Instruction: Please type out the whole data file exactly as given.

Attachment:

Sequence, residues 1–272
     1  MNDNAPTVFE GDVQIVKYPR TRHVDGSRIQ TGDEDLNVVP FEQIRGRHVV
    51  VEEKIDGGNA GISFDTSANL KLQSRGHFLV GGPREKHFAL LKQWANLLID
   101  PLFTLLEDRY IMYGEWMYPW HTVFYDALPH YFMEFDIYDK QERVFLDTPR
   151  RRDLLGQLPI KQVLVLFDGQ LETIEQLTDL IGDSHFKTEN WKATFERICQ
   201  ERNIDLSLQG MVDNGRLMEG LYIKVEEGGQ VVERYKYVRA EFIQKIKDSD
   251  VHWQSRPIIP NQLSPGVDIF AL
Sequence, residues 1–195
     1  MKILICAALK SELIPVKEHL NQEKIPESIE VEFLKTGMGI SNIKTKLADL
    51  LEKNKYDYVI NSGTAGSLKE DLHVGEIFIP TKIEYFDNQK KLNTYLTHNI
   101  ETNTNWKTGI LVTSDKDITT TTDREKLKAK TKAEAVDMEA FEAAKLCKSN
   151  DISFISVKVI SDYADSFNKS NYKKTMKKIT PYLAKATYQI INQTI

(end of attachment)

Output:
Sequence, residues 1–272
     1  MNDNAPTVFE GDVQIVKYPR TRHVDGSRIQ TGDEDLNVVP FEQIRGRHVV
    51  VEEKIDGGNA GISFDTSANL KLQSRGHFLV GGPREKHFAL LKQWANLLID
   101  PLFTLLEDRY IMYGEWMYPW HTVFYDALPH YFMEFDIYDK QERVFLDTPR
   151  RRDLLGQLPI KQVLVLFDGQ LETIEQLTDL IGDSHFKTEN WKATFERICQ
   201  ERNIDLSLQG MVDNGRLMEG LYIKVEEGGQ VVERYKYVRA EFIQKIKDSD
   251  VHWQSRPIIP NQLSPGVDIF AL
Sequence, residues 1–195
     1  MKILICAALK SELIPVKEHL NQEKIPESIE VEFLKTGMGI SNIKTKLADL
    51  LEKNKYDYVI NSGTAGSLKE DLHVGEIFIP TKIEYFDNQK KLNTYLTHNI
   101  ETNTNWKTGI LVTSDKDITT TTDREKLKAK TKAEAVDMEA FEAAKLCKSN
   151  DISFISVKVI SDYADSFNKS NYKKTMKKIT PYLAKATYQI INQTI